Posted on June 03, 2018

KPMG’s latest report ‘2018 Global CEO Outlook’ has shown that chief executive officers (CEOs) across the globe, are positive about the economy and excited by the growth opportunities provided by disruption.

The report also demonstrates that CEOs understand that, to drive growth, they need to combine equal amounts of resourcefulness and realism. The report, titled ‘Growing pains’, analyses the findings from interviews with 1,300 CEOs of large companies globally, and features a spotlight interview with Ali Ahmed Al Kuwari (pictured)–  QNB Group CEO. This is the first time that a Middle Eastern banking sector CEO has featured in the report. The report indicates that CEOs are facing a variety of challenges, such as uncertainty, driving realistic growth, digital transformation and cyber threats, and are focusing on data-driven decision-making.  

Speaking about these findings, Ahmed Abu-Sharkh, KPMG in Qatar’s country senior partner, commented, “The 2018 CEO outlook shows that, globally, business leaders are aware of the various challenges they must overcome to continue to grow; with 90 percent of interviewees being confident in their company’s prospects. Since the blockade began in Qatar 12 months ago, we have seen unparalleled challenge and change for many of the country’s businesses. However, in-line with global sentiment, there have been numerous examples of leaders maintaining a positive outlook and taking a proactive approach towards identifying opportunities to refine and enhance their operations, ultimately securing growth.”

Digitalization was a common theme throughout the report and, along with this, a growing sense of concern around cyber security; with nearly half (49 percent) of CEOs saying that becoming the victim of an attack is a case of ‘when’ and not ‘if’. On this note, Al-Kuwari commented, “The challenge is to constantly be ahead of the cyber criminals – a task which is very difficult to achieve. While cyber security used to be considered an issue primarily for the IT department, these days it is a permanent agenda item for the entire C-Suite – one that we are all responsible for”.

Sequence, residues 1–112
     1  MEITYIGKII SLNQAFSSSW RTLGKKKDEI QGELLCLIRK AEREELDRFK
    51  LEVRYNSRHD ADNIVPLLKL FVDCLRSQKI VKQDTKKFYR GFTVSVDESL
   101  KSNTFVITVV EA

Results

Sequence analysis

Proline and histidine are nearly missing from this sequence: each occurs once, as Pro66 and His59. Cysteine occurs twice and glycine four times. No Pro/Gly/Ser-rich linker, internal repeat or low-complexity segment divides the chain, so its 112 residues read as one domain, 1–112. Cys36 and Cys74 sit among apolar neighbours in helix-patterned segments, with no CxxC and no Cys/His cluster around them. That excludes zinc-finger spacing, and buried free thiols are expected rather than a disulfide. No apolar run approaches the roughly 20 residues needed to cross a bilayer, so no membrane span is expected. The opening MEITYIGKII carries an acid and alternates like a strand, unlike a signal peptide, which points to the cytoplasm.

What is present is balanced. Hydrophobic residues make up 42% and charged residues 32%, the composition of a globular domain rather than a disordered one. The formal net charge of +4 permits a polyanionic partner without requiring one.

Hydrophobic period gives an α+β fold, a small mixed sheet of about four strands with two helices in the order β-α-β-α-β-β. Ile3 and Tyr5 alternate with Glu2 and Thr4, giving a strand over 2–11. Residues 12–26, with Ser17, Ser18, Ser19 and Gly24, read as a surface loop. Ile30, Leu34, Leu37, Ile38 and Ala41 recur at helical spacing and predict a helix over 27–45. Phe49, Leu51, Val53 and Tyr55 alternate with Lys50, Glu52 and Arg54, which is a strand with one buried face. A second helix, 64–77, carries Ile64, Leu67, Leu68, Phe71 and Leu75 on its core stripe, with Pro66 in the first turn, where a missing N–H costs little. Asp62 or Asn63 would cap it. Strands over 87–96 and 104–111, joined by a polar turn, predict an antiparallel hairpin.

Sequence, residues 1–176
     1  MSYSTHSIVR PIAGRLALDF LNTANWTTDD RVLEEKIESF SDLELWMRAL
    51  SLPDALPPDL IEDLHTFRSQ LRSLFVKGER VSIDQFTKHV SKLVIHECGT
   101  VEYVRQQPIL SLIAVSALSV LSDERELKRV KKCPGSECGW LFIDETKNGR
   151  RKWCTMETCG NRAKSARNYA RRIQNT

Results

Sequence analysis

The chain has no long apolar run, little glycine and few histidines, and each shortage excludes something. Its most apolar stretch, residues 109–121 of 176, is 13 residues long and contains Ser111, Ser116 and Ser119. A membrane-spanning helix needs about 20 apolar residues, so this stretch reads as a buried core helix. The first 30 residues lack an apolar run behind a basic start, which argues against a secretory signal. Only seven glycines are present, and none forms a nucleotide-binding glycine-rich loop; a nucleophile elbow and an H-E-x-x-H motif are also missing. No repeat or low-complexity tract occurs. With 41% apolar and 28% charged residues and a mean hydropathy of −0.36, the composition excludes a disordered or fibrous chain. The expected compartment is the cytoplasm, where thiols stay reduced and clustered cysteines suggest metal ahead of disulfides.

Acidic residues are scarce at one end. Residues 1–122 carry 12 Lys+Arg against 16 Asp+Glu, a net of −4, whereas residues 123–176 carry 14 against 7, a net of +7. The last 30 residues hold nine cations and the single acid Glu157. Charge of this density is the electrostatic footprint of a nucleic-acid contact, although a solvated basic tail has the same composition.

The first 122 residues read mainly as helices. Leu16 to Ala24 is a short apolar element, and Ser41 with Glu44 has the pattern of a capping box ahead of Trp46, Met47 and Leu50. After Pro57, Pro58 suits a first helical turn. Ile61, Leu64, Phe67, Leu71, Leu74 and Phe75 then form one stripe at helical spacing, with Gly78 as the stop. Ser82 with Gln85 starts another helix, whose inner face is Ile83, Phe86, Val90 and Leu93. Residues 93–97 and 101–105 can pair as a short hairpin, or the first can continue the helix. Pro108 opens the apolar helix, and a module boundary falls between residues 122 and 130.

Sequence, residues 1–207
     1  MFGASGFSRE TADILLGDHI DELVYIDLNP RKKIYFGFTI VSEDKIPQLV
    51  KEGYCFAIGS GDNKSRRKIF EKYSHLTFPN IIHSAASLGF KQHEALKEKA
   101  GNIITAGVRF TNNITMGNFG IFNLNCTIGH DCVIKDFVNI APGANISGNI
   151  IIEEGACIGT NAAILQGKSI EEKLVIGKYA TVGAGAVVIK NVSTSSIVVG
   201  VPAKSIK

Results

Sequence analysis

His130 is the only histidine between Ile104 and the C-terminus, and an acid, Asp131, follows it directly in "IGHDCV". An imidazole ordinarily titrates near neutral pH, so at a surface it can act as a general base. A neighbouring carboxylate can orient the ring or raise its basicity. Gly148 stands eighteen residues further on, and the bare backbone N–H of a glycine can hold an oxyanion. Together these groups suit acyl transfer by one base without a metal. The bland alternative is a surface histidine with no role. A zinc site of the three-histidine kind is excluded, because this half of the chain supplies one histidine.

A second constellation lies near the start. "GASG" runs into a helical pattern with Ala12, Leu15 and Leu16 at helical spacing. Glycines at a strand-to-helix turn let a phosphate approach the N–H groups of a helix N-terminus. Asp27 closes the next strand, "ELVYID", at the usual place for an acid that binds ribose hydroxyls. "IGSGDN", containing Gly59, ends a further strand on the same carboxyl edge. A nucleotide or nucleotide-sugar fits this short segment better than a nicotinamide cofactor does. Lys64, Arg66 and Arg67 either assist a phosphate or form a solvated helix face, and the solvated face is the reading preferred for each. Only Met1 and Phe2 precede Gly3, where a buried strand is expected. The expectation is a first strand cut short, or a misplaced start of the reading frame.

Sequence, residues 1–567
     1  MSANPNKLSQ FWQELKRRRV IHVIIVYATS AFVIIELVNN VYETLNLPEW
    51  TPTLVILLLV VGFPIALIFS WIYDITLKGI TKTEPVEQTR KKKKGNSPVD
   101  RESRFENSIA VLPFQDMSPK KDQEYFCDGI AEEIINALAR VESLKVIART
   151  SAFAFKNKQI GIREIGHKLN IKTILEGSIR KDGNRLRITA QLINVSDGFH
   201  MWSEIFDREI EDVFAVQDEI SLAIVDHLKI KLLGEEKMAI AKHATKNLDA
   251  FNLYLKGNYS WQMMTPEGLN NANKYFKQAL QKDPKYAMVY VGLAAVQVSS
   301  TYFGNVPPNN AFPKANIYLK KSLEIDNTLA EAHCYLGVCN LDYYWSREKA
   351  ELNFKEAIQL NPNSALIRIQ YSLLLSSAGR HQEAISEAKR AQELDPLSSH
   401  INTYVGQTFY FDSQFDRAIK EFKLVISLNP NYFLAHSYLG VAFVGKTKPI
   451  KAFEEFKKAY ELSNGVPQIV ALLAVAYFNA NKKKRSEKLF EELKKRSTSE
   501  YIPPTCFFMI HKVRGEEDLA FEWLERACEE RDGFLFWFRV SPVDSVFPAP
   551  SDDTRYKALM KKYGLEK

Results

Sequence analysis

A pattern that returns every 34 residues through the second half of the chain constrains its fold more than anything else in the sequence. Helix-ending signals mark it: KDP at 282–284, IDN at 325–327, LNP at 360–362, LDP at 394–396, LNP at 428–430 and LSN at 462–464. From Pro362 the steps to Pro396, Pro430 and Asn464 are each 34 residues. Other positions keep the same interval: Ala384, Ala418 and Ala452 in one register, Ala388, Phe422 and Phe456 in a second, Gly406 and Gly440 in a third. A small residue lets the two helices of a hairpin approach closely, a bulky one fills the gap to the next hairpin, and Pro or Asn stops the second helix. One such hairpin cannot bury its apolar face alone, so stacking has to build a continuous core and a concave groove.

Other international business leaders also echo Al Kuwari’s concern in the report, which states that CEOs are embracing the digital agenda like never before; with 59 percent considering the protection of customer data as a critical personal responsibility. Overall, cyber security has risen from fifth to second place this year in terms of risks which have the potential to hamper future growth. Only half (51 percent) of respondents indicated they are well-prepared for a cyber attack, even though over half (55 percent) say that a strong cyber strategy is critical to engender trust with key stakeholders.

With customer demands changing continually, and the technology landscape in a constant state of flux, agility and intuition are critical. Around two thirds (67 percent) of CEOs have admitted to relying on their own intuition over data-driven insights to make strategic decisions over the past 3 years, with 51 percent disclosing that they have less confidence in the accuracy of predictive analytics, compared to historic data. However, the quest for ever-greater agility does not mean they simply have to embrace data and intelligent technologies at the expense of human qualities. Abu-Sharkh noted, “While data is hugely important, it is still essential for CEOs to bring in their own intelligence, particularly in a market like Qatar which has unique challenges and potential. Combining their experience and understanding of the market with data-driven, predictive intelligence is essential to helping CEOs lead their businesses effectively”.

The data published in this report titled ‘2018 Global CEO Outlook: Growing pains’ ( ) is based on a survey of 1,300 CEOs in 11 of the world’s largest economies: Australia, China, France, Germany, India, Italy, Japan, the Netherlands, Spain, the UK and the US. The survey was conducted between 22 January and 27 February 2018. The CEOs operate in 11 key industries: Asset management, automotive, banking, consumer and retail, energy, infrastructure, insurance, life sciences, manufacturing, technology and telecom. Of the 1,300 CEOs, 314 came from companies with revenues between US$500 million and US$999 million; 546 from companies with revenues between US$1 billion and US$9.9 billion; and 440 from companies with revenues of US$10 billion or more.